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The Red Bull Playhouse Project

The Red Bull Playhouse Project

Four hundred years ago, during the period 1605-6, a theatre was built in the suburbs of London that was to rival Shakespeare's Globe.

The Red Bull playhouse, which was an inn-yard theatre erected in Clerkenwell, was built to house an acting company which was parallel to that of Shakespeare's company, the King's Men. The Red Bull's company was called the Queen's Servants after their patron, Queen Anna of Denmark, King James I's wife.

Where William Shakespeare was the central actor-playwright of the King's Men, Thomas Heywood was the leading actor-playwright of the Queen's Servants, and soon after the theatre was built, Heywood wrote an unusual play for the company. From subsequent evidence found in a range of early modern sources, we know that this play, The Rape of Lucrece, was a big success in its day. It was published in 5 editions from 1608 to 1638 and such was its status as a sure-fire hit, it was performed at a number of venues by companies lucky enough to have it in their repertoire.

Woodcut of the Red Bull Playhouse

The story of the rape and suicide of Lucretia - the virtuous wife of the Roman patrician Collatine - by Sextus Tarquin, a son of the reigning and tyrannical King Tarquin, might not sound like a rip-roaring box office hit. However, throughout entertainment history, sex and violence have always been winners. Unlike Shakespeare's narrative poem on the subject which used Ovid, the classical source used for this tragedy was the Roman historian Livy. The resulting play was a much more Cecil B. de Mille-type scale of production, which includes both the rape and the consequent civil war in Rome that saw the end of the Tarquins and the beginning of the first Republic. Moreover, Heywood did something unique for his Jacobean tragedy. He introduced into the drama a most extraordinary selection of songs. It is possible that the inclusion of these songs makes The Rape of Lucrece the first music-based entertainment for the public stage.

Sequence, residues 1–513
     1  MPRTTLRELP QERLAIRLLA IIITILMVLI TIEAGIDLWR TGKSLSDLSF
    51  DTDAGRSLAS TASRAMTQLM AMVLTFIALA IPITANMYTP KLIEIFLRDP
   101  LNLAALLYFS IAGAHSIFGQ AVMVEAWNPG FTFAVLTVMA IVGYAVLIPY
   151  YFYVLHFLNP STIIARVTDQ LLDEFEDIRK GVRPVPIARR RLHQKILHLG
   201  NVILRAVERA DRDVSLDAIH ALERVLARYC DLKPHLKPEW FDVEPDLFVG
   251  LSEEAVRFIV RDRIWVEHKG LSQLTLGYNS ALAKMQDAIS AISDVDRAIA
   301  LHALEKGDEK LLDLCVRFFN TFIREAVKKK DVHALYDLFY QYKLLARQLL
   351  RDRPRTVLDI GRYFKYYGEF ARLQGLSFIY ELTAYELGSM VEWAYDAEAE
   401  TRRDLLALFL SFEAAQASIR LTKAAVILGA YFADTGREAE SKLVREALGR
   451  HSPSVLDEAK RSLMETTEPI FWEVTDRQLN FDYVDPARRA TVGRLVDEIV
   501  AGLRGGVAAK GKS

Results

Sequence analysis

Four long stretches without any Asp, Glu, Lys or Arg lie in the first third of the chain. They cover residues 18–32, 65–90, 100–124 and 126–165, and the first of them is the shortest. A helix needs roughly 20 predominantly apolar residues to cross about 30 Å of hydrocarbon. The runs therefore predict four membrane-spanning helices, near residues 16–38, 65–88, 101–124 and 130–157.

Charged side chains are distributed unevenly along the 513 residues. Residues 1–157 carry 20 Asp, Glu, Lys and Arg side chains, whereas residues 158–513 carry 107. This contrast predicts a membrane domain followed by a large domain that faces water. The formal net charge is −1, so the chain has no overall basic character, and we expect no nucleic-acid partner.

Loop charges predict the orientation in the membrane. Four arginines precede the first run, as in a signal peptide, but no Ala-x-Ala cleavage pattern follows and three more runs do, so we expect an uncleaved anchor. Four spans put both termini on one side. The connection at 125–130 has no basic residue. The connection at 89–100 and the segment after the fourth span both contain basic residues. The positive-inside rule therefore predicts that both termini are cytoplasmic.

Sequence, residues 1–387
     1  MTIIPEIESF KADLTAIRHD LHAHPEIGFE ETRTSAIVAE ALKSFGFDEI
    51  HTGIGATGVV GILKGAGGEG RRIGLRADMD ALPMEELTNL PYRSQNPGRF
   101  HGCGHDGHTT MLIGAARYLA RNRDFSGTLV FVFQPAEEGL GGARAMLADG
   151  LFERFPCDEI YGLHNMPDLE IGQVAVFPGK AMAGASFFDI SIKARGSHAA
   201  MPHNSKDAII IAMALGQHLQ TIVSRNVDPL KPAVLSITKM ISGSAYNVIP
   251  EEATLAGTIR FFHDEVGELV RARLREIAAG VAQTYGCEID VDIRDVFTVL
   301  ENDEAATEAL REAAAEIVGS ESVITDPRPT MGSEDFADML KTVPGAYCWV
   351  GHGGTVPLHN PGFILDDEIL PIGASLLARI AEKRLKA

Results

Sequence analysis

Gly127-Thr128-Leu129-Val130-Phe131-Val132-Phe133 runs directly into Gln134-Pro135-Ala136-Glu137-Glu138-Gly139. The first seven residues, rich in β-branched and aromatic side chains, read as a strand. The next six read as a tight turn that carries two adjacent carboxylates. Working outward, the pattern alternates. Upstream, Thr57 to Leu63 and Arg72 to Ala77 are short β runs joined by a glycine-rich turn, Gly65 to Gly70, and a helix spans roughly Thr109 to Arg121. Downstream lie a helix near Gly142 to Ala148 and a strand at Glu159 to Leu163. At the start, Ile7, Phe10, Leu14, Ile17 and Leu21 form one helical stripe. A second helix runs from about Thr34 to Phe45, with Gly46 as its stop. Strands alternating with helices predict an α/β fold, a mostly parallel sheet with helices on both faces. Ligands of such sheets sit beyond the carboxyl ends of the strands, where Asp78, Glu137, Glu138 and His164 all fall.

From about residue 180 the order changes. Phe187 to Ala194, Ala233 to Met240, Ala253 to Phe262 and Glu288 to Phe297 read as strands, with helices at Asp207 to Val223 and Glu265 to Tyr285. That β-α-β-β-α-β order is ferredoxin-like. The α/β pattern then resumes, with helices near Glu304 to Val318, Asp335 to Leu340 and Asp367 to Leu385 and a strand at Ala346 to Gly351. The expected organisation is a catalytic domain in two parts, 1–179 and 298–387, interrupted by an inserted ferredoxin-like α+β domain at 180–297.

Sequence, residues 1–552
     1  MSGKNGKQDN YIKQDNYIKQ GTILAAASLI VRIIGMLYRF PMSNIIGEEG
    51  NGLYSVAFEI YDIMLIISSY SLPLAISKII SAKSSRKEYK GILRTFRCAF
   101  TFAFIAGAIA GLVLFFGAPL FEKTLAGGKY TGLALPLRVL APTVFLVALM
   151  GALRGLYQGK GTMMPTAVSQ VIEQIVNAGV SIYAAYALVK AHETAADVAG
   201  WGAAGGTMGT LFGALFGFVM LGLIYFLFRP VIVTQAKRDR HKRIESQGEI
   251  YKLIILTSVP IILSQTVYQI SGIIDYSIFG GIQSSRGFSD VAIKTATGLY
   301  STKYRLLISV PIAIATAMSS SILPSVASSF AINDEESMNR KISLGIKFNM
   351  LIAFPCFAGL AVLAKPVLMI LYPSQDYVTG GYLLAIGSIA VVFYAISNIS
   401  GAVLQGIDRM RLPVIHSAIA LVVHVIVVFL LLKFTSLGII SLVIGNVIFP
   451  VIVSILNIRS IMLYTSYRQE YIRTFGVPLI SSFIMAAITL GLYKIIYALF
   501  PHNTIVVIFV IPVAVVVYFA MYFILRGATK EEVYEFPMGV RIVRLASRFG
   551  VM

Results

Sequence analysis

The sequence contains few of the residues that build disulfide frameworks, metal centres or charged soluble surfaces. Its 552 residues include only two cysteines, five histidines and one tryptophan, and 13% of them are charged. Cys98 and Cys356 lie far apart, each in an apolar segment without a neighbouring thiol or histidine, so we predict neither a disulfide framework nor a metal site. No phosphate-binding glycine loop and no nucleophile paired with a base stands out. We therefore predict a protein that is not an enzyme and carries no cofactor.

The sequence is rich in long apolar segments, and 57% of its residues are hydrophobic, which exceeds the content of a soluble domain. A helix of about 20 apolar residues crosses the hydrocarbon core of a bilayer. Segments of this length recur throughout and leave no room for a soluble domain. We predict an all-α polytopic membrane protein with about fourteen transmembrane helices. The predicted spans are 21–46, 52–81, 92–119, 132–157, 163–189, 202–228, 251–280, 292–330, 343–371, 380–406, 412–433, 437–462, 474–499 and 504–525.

In 2005-7 the Lions part are mounting a number of events to coincide with the anniversary of the building of this extraordinary theatre that survived the civil war and interregnum periods as an entertainment space. It began with Heywood's Lucrece which was staged at St. Bartholomew's Priory, Smithfield over three nights in October 2005. Dr. Eva Griffith of the University of Durham who is currently writing a book on the Red Bull and has been a Lions member for seven years is overall director of the project. Rosalind Cressy co-produced Lucrece for the Lions part. An academic conference also took place in 2005 in collaboration with the Centre for Metropolitan History, and it included reconstructions of the jigs, ballads and drolls that were a much loved part of the Red Bull's life.